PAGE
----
As you might suspect, I’ve got a lot of thoughts to get through on what was one of the most interesting drafts that I can remember. Rather than write a 10000 word post that covers everything, I’m going to split my analysis into several parts (probably many) and try to focus on just one aspect of the event each day (today’s post is 1470 words). While I am very tempted to talk about the QB class today (and the completely unprecedented fall of Barkley/Nassib), I’ve decided it makes more sense to focus on the Eagles’ draft and get that out-of-the-way.
So how did the Eagles do?
In a word: OK, and perhaps as well as they could have under the circumstances.
By now I’m sure most of you have read at least one “grade the draft” article, so I think it’s a good time to tell you that “grading the draft” articles are completely devoid of value and utterly pointless. The “grades” are determined by each writers’ individual opinion of each prospect, which as we know, is likely worthless. Needless to say, I will not be grading the Eagles according to which players they selected. I have no idea if/how each will work out, and neither does anyone else.
I will, however, talk about value, and what information we can infer from each pick.
First, something you should all keep in mind (and something I had to keep repeating to myself during the draft):
This is not a one year process.
For those of you that are disappointed at the lack of attention to Defense, remember that reaching for “need” is what gets you Jaiquan Jarrett and Danny Watkins.
The draft is about playing the odds the right way.
None of these players are certain to work out, and if a high pick fails, it doesn’t mean it was a mistake to draft him. As I showed before, since 2005, players carrying a “95+” rating from Scout’s Inc. bust about 20% of the time…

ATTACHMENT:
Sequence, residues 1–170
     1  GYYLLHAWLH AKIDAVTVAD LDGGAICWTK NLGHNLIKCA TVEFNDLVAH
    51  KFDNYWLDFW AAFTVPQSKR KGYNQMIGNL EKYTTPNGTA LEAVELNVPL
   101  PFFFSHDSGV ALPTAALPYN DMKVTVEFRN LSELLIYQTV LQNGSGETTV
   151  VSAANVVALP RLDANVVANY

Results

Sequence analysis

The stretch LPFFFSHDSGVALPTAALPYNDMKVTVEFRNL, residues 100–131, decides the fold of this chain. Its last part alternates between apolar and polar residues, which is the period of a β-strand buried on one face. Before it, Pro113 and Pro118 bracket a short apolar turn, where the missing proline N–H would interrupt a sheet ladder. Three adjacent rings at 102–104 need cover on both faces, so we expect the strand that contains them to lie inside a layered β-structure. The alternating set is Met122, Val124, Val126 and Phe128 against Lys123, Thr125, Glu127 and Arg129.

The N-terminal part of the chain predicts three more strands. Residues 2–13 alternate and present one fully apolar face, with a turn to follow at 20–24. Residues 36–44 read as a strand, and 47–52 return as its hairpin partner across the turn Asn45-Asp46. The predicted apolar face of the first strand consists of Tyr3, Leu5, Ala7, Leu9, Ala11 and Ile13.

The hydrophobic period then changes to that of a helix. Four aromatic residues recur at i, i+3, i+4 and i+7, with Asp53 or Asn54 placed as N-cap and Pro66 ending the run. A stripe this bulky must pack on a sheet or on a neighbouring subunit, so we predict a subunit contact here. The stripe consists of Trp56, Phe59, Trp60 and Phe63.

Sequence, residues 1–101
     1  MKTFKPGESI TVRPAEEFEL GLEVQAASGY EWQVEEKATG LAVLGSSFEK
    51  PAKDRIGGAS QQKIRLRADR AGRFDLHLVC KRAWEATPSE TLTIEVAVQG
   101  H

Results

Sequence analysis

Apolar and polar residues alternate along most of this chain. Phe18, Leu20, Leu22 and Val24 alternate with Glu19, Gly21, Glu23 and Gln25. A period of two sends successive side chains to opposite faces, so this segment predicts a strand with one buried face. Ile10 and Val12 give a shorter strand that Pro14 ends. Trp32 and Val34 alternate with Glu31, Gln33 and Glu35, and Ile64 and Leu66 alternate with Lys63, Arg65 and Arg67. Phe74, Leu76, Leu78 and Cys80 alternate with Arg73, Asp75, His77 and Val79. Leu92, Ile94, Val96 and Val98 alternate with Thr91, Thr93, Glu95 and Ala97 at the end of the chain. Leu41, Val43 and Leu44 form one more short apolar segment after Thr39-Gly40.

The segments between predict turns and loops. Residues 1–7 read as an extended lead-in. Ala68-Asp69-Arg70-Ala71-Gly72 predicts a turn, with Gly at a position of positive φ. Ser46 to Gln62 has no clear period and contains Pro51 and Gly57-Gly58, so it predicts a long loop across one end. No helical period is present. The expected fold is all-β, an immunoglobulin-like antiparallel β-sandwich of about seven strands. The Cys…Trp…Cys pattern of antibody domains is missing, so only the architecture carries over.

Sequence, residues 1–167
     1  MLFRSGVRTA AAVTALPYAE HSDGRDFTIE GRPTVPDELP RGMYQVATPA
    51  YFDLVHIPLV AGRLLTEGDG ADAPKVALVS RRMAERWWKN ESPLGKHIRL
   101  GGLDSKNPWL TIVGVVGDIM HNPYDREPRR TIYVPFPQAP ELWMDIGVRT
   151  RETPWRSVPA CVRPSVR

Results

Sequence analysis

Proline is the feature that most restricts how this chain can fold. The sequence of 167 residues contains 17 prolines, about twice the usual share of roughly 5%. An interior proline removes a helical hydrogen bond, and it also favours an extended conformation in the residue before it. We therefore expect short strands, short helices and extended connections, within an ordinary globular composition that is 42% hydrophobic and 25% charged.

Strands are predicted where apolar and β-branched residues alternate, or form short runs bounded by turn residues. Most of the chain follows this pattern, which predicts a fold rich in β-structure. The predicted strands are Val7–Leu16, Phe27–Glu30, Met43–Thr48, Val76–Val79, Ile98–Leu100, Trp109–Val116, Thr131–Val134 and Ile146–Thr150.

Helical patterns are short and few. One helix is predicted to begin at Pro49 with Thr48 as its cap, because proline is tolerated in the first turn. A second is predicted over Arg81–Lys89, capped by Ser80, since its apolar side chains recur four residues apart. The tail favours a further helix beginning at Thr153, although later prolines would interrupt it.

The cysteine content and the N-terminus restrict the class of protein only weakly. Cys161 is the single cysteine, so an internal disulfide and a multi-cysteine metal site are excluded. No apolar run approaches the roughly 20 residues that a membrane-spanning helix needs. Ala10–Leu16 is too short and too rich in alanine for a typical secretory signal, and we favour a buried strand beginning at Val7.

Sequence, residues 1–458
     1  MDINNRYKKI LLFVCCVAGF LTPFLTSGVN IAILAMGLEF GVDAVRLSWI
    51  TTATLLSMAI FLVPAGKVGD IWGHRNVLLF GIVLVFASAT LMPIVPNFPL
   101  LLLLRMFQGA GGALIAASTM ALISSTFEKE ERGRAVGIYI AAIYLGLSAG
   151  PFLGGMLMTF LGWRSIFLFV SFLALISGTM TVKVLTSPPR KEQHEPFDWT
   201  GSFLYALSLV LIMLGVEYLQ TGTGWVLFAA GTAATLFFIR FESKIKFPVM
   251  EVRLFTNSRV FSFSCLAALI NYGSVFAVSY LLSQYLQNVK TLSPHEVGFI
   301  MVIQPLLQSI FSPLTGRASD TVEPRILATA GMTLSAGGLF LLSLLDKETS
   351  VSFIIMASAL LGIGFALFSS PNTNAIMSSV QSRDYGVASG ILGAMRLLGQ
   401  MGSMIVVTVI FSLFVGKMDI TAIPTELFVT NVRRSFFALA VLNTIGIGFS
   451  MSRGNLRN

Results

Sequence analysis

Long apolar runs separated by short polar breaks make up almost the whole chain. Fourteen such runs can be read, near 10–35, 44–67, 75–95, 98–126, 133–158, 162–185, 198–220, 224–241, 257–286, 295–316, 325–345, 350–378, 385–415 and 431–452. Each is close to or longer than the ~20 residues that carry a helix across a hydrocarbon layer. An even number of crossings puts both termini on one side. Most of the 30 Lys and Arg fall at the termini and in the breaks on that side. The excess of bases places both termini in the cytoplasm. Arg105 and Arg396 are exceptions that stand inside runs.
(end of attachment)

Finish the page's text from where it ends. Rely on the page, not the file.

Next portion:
Lane Johnson, OT
I discussed him on Friday, so I won’t go into too much depth now. He was, by all accounts, a “top tier” player in this draft. Also, Kelly claims the team did not receive any interest from others trying to trade up. Those two factors, in combination, suggest the Eagles did as well as they could have.
I’m not entirely sure whether I believe Kelly or not. I noted that the lack of interest in any free agent OTs was puzzling, but made complete sense if the team was 100% sold on one of the top OT prospects. It’s possible then, that the Eagles had their sights on Johnson the entire time and had no interest in trading down (which would be a “value” mistake). Kelly has claimed that he/Roseman had 4 players in their top tier, with Dion Jordan and the other top OTs rounding out the group. This is pure speculation, but I doubt Jordan was ever actually included. I think it’s more likely that the Eagles smokescreen worked to perfection, forcing the Dolphins to trade up for Jordan, leaving Johnson to the Eagles.